It’s not just the big ticket items that add up to kill a budget. I still firmly believe that 4.00 gasoline nationwide sent us over the cliff.

  8. bsneath says:

    While taxes & insurance need to be added and would somewhat mute the lower cost effect of the mortgage interest component, this is never the less significant. Price is less a factor to many homeowners than is monthly payments. They may be looking at their “dream house” as something more than an investment. The fact that homeownership costs have fallen might result in a surprisingly strong Spring home sale season.

  9. DeDude says:

    The folly of averaging on full display. How common is it to have a monthly income of $3900 and a mortgage of $650? In this aging population we have about 50% of homeowners that own their home and the rest having a mortgage. The relevant cost of owning a home is the % of median income going to pay the mortgage on a median cost house at median rates on a plain vanilla 30 year loan.

  10. ashpelham2 says:

    Good point DeDude. I guess I had assumed that this graph excluded people who did not have a mortgage, so as to filter out that noise. I know that I recently read that the average mortgage payment nationwide was actually somewhere around $900.00 monthly, so that $650 is probably already discredited. Obviously, an average mortgage payment calc would not include people with $0.00 mortgage payments.

    Graph 1 is the most compelling of the three, but they all look real purdy.

  11. DC says:

    Owning dramatically reduces mobility. Gone for most are the days of lifetime employment with a single employer. Today’s worker must balance the desire for stability with the reality that jobs disappear with little or no notice. Right now there are jobs unfilled because the qualified workers cannot or will not sell a house in another geographic region.

    And if Congress ever had the balls to kill the mortgage interest deduction (which it won’t) that would knock a few more percentage points off the American Dream. It’s a fat subsidy to a “special interest group” (that includes you, populists and tea partiers) with a powerful cadre of lobbyists representing home builders and real estate agents. It’s always at the top of any tax reform list yet invariably gets immediately shot down.

  12. dwkunkel says:

    The reality of the mortgage interest deduction is that several renters are effectively subsidising someone else’s mortgage. You’d think this would generate some populist outrage.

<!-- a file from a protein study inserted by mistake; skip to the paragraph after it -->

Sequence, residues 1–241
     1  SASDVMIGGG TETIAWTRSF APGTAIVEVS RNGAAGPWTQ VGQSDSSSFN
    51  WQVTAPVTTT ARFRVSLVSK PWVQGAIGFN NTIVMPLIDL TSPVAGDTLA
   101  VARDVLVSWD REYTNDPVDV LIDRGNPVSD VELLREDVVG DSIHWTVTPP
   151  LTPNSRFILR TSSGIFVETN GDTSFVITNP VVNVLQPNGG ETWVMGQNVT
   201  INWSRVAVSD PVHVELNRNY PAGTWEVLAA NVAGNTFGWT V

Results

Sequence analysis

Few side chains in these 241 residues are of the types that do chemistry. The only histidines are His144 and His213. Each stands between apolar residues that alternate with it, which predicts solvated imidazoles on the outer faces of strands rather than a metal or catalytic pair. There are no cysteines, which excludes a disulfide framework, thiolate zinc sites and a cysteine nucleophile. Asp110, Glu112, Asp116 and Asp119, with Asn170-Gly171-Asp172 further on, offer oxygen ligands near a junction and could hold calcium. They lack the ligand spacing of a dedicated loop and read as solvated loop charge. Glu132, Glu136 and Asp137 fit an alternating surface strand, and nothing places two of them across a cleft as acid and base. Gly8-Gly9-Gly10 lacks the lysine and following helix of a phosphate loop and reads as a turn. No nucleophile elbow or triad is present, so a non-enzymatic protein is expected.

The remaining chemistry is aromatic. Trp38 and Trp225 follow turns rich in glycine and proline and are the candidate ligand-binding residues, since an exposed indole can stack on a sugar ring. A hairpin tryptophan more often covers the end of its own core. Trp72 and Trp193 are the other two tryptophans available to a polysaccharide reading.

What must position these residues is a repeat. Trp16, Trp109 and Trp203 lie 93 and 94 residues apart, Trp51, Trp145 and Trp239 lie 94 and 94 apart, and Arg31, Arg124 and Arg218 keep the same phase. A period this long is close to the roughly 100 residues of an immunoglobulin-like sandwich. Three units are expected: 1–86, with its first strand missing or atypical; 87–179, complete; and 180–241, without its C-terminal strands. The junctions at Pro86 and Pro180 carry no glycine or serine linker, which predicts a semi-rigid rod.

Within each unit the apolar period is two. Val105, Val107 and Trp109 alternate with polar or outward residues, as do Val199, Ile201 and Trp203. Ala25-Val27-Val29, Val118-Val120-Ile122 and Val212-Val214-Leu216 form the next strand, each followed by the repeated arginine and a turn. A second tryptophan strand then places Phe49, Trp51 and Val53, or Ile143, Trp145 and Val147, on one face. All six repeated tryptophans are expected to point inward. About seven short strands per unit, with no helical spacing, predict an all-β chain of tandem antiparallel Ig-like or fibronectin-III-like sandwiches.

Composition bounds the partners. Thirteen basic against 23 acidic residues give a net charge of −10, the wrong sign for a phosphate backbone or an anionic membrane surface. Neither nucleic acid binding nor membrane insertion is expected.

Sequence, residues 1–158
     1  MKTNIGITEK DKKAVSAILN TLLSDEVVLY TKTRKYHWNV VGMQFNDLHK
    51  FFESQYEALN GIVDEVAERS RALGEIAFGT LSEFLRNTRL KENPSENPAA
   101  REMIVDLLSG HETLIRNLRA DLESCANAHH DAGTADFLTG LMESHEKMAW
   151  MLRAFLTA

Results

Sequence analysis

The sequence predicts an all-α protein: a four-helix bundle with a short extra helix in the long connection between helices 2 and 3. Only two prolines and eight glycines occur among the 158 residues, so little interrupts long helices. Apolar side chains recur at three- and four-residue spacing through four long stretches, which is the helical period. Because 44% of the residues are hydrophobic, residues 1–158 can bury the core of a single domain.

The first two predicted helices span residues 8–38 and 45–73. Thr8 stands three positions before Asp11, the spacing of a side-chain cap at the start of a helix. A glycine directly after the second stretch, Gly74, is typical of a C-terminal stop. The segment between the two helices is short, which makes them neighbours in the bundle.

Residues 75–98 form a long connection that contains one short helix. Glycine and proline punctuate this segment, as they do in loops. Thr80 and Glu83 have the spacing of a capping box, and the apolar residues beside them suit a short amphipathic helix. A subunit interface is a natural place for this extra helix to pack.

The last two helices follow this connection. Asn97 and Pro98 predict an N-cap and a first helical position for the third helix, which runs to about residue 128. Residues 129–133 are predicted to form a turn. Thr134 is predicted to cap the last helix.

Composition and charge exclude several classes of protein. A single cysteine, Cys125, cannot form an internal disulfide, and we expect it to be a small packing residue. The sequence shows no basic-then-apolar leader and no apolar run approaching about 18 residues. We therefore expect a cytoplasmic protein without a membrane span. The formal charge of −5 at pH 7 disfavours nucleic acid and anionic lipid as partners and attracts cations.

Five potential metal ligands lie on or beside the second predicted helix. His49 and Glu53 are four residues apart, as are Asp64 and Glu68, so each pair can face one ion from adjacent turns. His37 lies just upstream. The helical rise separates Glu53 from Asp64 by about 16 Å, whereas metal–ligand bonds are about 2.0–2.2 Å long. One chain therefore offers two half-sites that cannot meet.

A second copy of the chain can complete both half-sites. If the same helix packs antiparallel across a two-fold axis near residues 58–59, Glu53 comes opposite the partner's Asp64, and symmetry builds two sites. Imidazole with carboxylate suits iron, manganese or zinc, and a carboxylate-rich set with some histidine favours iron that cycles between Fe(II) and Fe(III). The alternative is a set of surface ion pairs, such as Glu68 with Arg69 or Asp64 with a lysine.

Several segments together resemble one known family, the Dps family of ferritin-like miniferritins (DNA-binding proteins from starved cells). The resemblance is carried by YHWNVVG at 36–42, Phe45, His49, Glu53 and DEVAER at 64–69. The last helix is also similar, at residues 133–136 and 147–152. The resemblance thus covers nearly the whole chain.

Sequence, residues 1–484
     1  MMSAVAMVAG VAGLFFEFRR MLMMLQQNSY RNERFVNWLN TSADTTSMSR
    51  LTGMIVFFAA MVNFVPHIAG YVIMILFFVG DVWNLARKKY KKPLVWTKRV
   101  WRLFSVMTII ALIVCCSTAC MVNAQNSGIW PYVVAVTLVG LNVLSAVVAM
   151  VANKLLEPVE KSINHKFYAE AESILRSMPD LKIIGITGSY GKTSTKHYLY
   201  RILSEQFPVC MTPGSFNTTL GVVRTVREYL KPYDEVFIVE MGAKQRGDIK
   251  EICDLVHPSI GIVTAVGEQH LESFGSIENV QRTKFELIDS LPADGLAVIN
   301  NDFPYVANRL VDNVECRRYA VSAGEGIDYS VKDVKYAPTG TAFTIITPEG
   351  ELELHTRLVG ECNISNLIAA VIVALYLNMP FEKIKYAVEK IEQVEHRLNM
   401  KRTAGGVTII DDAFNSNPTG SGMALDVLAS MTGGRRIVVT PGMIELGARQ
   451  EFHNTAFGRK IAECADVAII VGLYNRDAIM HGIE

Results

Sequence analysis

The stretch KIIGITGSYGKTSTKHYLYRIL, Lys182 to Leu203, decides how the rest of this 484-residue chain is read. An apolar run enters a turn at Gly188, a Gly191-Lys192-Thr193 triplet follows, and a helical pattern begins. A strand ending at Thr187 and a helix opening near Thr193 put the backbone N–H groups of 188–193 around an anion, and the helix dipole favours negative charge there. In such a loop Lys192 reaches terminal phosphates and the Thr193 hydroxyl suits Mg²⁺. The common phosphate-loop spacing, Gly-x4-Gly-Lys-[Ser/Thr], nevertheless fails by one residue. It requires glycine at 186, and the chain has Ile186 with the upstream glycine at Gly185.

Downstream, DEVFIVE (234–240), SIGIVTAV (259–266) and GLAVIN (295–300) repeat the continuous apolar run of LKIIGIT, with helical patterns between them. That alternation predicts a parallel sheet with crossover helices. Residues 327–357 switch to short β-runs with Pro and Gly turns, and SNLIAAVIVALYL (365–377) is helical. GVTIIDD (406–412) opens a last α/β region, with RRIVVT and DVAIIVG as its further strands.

13. Dow says:

    I’d love to see an overlay of just how many members of the household’s pay the mortgage.

    In 1975, odds were pretty good that ‘monthly income’ came from just 1 person in a 4-person household (adult couple with 2 kids). Today, it takes two people working to pay the mortgage. I don’t see how “owning a home more affordable today than in the last 30 years.”

    Unless I’m missing something, the basic math says it’s significantly less affordable today.

  14. Thor says:

    Dedude – care to share with us where you got that 50% number? Did you make it up? The Census bureau put the percentage of homes in this country with a mortgage at about 70%

  15. ZackAttack says:

    If banks thought houses, after taxes, insurance and maintenance, were such a great investment, they’d never have messed with any of that nasty mortgage paper and would welcome them on their books as REO.

  16. Mysticdog says:

    Even just looking at homeowners, that third graph is so misleading. It is well known that incomes for the middle class have been mostly stagnant while the wealthiest have seen their incomes rise. So the average doesn’t really reflect what most people experience, but is wildly skewed by the vast transference of wealth to the upper eschalons of society.

    anyone trying to buy a home with a middle class income in the past 6 years knows that what their income will buy has decreased significantly, even with the insane mortgage vehicles the banksters devised to make the system work for them.